Fans certainly admired Pietersen’s aggressive batting and inventive strokeplay. Many, though, failed to marry up the player who declared his love of playing for England by tattooing three lions on his arm, with the one who once told Australian player, Ed Cowan, during an England match against Australia ‘A’ – “I’m South African Eddie, this is just the day job.”
Aside from Greig, cricketers from abroad qualifying for England were rare before the 1980s. Gubby Allen (born Australia) and Ranjitsinhji (born India) were two who won Test caps, though there was an ambivalence towards Allen despite him attending Eton College and becoming more establishment than the establishment. The past 40 years has seen a glut of foreign-born players qualify and play for England, the latest being Keaton Jennings. Between him and Lamb are players like Andy Caddick, Geraint Jones, Adam and Ben Hollioake and Jonathan Trott to name but a few.
Born in South Africa, Jennings made his Test debut in Mumbai last month and christened it with a hundred. In the aftermath he professed surprised at the animosity he’d received on social media for playing for England after being born overseas. Now, a few bad eggs can make a big smell on social media, but there have been so many players qualifying for England in recent times that the public have become cynical. Indeed, many see them as little more than economic migrants and as such have found them hard to warm to.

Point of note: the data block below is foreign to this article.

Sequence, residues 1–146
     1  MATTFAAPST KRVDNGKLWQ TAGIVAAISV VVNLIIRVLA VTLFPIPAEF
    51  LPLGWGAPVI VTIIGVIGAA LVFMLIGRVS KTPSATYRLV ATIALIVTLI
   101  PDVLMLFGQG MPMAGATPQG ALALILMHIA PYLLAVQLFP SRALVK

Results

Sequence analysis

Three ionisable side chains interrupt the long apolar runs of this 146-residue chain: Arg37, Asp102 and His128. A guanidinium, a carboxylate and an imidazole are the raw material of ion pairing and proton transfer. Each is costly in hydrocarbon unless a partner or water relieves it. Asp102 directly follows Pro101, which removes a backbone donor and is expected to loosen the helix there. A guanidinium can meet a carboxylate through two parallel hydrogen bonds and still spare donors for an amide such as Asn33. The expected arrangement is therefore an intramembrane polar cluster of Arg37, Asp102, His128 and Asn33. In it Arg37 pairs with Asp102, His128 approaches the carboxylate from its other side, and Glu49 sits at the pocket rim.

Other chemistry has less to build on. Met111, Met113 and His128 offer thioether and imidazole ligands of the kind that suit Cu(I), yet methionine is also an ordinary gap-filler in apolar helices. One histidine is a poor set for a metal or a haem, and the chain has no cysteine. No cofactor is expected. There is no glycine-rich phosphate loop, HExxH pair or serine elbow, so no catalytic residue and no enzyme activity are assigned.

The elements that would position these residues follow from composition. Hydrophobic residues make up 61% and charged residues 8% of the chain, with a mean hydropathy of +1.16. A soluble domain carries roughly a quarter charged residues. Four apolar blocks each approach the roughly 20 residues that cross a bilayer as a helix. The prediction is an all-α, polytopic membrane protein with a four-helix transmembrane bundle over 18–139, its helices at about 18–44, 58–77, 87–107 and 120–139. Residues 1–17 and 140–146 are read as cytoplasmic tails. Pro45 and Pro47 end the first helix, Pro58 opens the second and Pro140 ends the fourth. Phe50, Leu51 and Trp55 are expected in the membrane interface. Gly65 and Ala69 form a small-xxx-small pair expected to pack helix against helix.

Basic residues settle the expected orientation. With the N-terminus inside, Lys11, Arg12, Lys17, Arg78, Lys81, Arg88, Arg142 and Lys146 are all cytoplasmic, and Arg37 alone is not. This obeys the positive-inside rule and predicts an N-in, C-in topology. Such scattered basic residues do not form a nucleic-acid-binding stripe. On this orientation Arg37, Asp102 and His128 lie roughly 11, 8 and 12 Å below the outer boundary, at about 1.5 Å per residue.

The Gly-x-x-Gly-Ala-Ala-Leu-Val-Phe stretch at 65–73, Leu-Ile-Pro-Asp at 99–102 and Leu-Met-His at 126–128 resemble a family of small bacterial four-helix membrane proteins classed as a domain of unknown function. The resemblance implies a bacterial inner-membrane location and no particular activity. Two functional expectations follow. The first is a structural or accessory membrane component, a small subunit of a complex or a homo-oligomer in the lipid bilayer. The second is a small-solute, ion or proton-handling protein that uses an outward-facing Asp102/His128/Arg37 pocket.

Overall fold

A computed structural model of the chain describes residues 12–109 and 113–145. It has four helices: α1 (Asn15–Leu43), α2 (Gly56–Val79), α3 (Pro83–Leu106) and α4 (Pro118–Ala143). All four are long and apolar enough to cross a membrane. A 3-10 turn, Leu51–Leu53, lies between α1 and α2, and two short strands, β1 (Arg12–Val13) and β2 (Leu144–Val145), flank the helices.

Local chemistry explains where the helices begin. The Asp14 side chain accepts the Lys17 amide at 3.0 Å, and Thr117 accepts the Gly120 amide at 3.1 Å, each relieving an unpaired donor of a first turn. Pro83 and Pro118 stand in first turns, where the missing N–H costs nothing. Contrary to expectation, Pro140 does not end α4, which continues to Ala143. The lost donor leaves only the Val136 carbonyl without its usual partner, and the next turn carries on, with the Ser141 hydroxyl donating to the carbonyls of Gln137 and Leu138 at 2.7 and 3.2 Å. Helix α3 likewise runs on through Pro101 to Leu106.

In truth, the cricket-loving public in England has probably always had a detached relationship with foreign-born players who chose to qualify to play for England rather than the country of their birth. Choosing the one most beloved is not easy.
I know who I would pick, Robin Smith, but that is from the perspective of a team mate who shared a changing room with him, rather than an England supporter. For those of you in that camp, the choice will not be so easy.
This piece originally featured in The Cricket Paper, January 13 2017
Subscribe to the digital edition of The Cricket Paper here